The accumulation happens automatically. When a user installs Kaspersky software, it scans every application, file, and email on the computer for signs of malicious activity. If it finds a piece of known malware, it deletes it. If it encounters a suspicious program or a message it doesnt recognizeand the user has opted to be part of the Kaspersky Security Networkit sends an encrypted sample of the virus to the companys servers. The cloud-based system automatically checks the code against a whitelist of 300 million software objects it knows to be trustworthy......"
For Kaspersky, exposing Flame reflects his companys broader ambition: to serve as a global crime-stopper and peacekeeper. Malware has evolved from a nuisance to a criminal tool to an instrument of the state, he says, so naturally he and his malware fighters have grown in stature and influence too. My goal is not to earn money. Money is like oxygen: Good idea to have enough, but its not the target, he says. The target is to save the world.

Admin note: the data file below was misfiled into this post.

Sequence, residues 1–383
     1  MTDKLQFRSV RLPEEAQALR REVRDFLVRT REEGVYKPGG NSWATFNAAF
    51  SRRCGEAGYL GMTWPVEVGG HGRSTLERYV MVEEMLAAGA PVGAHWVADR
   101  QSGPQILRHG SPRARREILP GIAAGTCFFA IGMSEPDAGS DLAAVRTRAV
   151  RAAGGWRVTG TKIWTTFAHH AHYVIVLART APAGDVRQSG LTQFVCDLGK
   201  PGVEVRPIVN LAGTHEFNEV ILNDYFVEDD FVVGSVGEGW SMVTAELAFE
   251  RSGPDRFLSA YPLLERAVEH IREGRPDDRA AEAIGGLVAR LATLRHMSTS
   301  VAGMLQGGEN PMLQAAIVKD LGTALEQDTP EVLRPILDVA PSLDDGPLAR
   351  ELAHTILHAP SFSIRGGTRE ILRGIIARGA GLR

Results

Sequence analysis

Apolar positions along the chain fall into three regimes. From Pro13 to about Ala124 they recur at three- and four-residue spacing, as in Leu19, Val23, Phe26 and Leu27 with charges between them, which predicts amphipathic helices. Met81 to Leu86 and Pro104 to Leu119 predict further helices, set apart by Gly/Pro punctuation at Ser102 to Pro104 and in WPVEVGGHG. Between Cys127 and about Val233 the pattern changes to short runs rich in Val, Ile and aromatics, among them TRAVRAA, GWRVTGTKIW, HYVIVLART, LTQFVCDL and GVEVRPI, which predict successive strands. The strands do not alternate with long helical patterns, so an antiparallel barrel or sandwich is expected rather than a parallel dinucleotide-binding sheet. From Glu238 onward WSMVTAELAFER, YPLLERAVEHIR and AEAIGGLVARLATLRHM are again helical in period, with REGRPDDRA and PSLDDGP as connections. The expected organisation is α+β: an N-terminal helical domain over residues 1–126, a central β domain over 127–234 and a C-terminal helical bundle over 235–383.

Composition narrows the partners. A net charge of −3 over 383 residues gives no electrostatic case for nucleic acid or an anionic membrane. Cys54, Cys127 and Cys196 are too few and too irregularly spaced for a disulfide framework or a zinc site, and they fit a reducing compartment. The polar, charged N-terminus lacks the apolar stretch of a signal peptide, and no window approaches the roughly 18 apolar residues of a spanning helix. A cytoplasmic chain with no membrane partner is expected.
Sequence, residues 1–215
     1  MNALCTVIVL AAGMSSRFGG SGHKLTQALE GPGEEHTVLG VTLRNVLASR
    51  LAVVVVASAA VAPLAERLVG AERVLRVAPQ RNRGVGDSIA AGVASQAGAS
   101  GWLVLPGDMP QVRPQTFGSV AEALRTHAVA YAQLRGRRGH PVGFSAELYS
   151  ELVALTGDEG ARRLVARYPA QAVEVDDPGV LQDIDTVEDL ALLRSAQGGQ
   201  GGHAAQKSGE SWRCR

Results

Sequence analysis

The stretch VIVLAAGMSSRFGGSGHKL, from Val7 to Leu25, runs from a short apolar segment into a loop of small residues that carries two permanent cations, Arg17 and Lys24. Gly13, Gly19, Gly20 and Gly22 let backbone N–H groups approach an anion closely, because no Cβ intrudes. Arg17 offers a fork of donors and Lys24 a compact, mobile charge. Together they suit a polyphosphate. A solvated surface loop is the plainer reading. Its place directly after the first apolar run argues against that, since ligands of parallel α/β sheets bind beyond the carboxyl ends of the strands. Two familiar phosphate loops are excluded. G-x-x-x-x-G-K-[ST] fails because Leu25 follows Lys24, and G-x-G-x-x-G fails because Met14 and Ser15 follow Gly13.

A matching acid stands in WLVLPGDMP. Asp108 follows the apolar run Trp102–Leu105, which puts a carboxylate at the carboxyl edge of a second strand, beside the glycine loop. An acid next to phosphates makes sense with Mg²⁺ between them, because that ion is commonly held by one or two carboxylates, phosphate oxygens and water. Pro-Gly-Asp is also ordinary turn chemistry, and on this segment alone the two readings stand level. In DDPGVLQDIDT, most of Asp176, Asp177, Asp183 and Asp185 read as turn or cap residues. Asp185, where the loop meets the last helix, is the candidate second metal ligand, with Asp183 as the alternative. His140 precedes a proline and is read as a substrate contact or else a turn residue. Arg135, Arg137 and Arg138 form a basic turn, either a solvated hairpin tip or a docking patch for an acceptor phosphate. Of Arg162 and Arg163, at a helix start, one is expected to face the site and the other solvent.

Although the meat in the sandwich for the average user seems to be with Kaspersky sending data encrypted (apparently just for samples for identifying unknown software) the thing that bothers me is an AV company that has the power to readily identify new software of any kind and whitelist/blacklist all.
With his supposed aspirations Microsoft should harness this type of potential and incorporate a whitelist of it's own. Saying goodbye to AV's.
Are we not tied of the growing list of daily 1000's of signatures and and heuristic engine updates for what is an essentially flawed method of patching signatures after the events have occurred.
Before the connected AV industry pulls any of the strings espoused.
Paradigm Shift beta test pilot. "Dying to defend one's small piece of suburb...Give me something global...STAT!